A multi-method dyadic investigation of child and parent pain catastrophizing and family functioning in child pain
Birnie, Kathryn A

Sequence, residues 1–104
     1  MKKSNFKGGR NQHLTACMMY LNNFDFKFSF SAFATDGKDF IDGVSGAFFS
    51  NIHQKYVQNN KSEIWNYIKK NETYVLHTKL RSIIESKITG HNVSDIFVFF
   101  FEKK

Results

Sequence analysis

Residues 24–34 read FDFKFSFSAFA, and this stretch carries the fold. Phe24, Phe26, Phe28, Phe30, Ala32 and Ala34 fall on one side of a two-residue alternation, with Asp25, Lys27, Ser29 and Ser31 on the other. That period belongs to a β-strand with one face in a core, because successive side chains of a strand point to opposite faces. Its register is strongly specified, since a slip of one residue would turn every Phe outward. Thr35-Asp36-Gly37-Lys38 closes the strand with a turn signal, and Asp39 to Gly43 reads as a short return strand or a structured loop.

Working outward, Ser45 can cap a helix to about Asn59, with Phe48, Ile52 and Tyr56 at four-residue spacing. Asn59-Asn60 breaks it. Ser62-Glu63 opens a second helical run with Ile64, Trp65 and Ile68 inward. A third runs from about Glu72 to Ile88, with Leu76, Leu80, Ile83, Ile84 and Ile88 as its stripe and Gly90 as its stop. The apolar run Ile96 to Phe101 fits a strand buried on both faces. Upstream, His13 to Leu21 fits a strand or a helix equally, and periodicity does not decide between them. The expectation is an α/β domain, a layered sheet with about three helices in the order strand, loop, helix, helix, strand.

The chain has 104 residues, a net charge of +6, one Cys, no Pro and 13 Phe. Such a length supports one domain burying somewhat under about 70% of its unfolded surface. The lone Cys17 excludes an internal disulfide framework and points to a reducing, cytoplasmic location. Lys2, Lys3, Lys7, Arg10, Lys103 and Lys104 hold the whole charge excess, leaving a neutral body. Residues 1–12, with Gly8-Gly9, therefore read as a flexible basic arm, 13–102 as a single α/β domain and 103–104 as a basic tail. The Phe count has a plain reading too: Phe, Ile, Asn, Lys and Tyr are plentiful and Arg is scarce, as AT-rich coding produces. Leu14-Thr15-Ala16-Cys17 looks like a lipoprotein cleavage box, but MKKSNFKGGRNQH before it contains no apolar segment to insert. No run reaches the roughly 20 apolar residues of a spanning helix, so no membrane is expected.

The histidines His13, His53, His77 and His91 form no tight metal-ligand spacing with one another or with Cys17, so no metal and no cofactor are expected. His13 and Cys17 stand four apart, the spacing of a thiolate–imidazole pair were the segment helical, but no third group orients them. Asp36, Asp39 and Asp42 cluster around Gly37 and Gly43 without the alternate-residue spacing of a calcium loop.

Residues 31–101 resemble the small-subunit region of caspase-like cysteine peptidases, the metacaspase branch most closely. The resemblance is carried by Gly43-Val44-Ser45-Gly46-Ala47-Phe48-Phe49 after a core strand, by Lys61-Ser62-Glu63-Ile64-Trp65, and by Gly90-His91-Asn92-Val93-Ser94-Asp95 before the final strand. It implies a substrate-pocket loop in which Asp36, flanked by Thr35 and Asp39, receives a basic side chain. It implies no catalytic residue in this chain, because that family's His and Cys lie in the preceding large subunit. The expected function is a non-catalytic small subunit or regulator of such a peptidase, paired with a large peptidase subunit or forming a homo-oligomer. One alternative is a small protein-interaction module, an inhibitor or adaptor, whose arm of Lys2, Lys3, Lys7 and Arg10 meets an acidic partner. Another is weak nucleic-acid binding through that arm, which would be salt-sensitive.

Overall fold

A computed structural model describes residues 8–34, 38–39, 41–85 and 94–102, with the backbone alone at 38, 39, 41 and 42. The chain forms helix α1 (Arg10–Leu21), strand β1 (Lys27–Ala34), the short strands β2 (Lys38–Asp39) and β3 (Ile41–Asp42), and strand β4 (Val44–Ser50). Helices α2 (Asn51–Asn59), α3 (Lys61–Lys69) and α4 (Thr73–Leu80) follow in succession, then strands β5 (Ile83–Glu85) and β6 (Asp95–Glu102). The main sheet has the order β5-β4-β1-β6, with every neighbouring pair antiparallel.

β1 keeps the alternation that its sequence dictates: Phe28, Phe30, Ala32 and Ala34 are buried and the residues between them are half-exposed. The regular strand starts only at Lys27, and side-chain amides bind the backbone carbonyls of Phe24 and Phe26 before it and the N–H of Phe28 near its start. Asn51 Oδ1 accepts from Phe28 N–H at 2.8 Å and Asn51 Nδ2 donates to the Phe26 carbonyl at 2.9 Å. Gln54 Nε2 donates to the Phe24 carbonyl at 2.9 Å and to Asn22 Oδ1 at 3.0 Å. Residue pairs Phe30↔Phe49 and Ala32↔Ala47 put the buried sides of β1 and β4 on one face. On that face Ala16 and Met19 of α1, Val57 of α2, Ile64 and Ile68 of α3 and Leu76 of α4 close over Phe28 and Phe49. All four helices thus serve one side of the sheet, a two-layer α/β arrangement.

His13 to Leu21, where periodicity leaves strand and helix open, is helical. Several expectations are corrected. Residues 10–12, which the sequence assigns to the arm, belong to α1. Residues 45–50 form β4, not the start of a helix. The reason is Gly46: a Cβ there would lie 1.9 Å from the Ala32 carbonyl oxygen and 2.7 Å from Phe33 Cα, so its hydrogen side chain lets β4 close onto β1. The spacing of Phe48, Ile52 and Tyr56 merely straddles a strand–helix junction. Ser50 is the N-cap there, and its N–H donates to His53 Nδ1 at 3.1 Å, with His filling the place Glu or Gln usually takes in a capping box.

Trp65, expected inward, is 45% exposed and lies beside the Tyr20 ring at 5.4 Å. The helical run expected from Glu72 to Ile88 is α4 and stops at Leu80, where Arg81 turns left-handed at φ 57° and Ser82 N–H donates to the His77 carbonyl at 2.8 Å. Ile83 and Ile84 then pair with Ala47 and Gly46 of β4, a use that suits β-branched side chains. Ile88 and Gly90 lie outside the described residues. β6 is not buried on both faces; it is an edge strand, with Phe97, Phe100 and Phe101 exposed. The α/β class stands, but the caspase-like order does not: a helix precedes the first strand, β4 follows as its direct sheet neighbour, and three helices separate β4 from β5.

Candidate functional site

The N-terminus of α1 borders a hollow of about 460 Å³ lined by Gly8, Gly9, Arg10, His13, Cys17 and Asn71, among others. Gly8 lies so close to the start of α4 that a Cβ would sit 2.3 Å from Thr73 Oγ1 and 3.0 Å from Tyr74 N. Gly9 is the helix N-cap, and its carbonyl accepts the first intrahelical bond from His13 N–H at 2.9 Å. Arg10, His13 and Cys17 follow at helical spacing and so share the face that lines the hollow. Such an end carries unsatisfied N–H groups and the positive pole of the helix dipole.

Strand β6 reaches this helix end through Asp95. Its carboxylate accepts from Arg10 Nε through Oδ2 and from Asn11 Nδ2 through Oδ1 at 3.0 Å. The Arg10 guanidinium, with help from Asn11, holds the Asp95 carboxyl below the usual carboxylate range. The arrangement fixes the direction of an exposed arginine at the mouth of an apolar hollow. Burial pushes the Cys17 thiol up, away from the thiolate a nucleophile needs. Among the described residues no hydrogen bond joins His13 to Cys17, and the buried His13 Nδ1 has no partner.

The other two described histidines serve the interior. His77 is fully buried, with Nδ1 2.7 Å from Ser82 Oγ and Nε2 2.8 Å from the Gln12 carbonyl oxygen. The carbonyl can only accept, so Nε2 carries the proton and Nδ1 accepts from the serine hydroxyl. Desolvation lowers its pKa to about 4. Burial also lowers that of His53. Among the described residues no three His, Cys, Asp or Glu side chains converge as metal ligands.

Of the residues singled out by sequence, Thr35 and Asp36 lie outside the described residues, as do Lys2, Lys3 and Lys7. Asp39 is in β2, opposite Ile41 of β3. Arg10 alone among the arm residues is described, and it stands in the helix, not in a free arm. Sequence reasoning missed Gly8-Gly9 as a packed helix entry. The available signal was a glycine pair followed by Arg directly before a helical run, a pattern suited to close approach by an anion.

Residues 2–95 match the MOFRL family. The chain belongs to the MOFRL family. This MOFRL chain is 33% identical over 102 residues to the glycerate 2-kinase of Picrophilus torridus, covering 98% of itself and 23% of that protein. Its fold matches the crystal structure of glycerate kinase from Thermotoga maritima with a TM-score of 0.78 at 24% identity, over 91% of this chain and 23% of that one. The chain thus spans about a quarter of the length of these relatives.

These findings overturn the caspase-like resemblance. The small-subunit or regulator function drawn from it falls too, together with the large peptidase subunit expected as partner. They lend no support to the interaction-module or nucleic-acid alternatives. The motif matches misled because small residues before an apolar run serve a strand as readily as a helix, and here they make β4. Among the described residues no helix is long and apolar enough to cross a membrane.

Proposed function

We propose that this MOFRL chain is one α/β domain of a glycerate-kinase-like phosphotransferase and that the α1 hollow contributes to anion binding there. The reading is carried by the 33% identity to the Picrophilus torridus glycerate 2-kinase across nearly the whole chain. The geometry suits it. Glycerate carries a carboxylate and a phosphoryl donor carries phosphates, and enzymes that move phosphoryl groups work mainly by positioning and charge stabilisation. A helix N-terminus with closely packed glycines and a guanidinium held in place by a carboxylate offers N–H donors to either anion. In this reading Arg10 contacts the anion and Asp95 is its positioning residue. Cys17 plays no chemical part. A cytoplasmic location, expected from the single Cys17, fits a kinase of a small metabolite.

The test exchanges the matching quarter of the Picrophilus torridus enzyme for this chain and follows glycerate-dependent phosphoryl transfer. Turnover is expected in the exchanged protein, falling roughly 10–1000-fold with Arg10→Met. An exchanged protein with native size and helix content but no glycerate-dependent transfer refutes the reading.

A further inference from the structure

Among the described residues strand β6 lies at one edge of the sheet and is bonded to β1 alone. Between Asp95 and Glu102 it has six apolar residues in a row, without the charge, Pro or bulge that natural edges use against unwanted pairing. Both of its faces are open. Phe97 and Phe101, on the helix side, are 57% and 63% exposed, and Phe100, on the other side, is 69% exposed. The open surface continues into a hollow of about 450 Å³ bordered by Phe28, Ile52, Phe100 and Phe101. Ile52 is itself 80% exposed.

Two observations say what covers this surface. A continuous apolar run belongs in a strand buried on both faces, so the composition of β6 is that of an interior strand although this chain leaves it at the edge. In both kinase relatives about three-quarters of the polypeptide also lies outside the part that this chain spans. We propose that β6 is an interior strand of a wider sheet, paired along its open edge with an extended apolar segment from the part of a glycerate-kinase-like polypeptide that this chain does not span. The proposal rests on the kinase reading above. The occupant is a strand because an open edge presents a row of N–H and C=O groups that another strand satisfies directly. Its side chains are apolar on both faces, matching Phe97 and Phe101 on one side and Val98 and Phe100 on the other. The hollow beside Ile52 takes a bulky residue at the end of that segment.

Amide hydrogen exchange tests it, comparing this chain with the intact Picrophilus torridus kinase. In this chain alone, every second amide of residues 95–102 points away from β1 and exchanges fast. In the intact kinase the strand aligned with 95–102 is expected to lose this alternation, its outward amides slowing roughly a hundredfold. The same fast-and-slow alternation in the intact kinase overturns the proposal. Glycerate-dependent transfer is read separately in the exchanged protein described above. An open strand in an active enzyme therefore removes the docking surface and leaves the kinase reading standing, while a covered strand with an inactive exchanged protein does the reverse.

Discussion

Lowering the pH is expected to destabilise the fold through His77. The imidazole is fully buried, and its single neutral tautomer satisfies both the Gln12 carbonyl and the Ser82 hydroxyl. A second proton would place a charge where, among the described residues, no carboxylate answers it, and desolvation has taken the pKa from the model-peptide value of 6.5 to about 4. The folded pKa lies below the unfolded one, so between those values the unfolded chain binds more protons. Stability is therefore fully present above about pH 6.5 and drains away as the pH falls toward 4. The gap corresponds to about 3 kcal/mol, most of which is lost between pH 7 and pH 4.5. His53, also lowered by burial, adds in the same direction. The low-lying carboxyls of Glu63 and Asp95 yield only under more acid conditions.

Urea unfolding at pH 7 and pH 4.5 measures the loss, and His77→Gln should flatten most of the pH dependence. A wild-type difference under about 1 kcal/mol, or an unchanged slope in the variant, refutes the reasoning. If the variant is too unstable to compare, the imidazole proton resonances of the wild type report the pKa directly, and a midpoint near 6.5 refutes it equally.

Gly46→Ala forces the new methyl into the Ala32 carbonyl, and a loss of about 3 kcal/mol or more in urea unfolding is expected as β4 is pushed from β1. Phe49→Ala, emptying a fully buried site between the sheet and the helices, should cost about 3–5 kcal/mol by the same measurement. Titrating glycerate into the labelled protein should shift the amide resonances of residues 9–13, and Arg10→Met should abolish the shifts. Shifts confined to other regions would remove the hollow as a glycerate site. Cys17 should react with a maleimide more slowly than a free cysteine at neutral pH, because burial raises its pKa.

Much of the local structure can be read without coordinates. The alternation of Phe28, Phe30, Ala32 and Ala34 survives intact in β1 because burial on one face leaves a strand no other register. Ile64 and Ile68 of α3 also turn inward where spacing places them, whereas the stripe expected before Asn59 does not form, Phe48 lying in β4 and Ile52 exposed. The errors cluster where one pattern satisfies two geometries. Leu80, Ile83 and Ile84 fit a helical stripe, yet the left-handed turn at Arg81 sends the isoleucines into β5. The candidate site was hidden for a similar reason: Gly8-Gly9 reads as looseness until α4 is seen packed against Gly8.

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Families play a critical role in children’s pain. Theoretical and empirical work has explored individual child and parent, dyadic (parent-child interaction), and family-level factors; however, prior research has largely examined their influence on child pain in isolation from one another. This dissertation used a multi-informant multi-method design and dyadic analysis to advance our understanding of child and parent catastrophizing (Paper 1) and family functioning (Paper 2) in children’s pain, as modeled using experimental pain. Participants included 171 community-based dyads comprised of one child 8-12 years old (89 girls) and one parent (135 mothers). Parent-child dyads completed two lab-based interaction tasks together in randomized counterbalanced order, including the child’s completion of a cold pressor task (CPT) and a conflict discussion task. Children and parents reported on their trait and state pain catastrophizing about the child’s pain, trait anxiety, situational distress, family functioning, and ratings of child pain intensity and unpleasantness. Child pain tolerance was also recorded. Micro-observational coding of parent and child verbalizations during the CPT captured parent attending, non-attending, and other talk, and child symptom complaints and other talk. Macro-observational coding during the conflict discussion task assessed aspects of family functioning. The actor-partner interdependence model and hierarchical multiple regressions explored intra- and inter-personal contributions to child pain. Paper 1: Results indicated that higher parent and child trait and/or state pain catastrophizing predicted their own ratings of greater child pain, with child state pain catastrophizing additionally influencing parent ratings. Parent and child state pain catastrophizing interacted significantly to influence child symptom complaints, including more child symptom complaints in dyads with low child and high parent pain catastrophizing. Paper 2: Results indicated no relation between family functioning and child pain outcomes. Poorer reported family functioning predicted greater child and parent trait anxiety and pain catastrophizing, and parent situational distress. Aspects of observed family functioning predicted child symptom complaints and other talk. The use of observational methodology and dyadic analysis revealed newly identified interpersonal influences of parent and family factors on children’s verbal pain behaviours, and on parent perceptions of child pain and parent trait and state coping with child pain.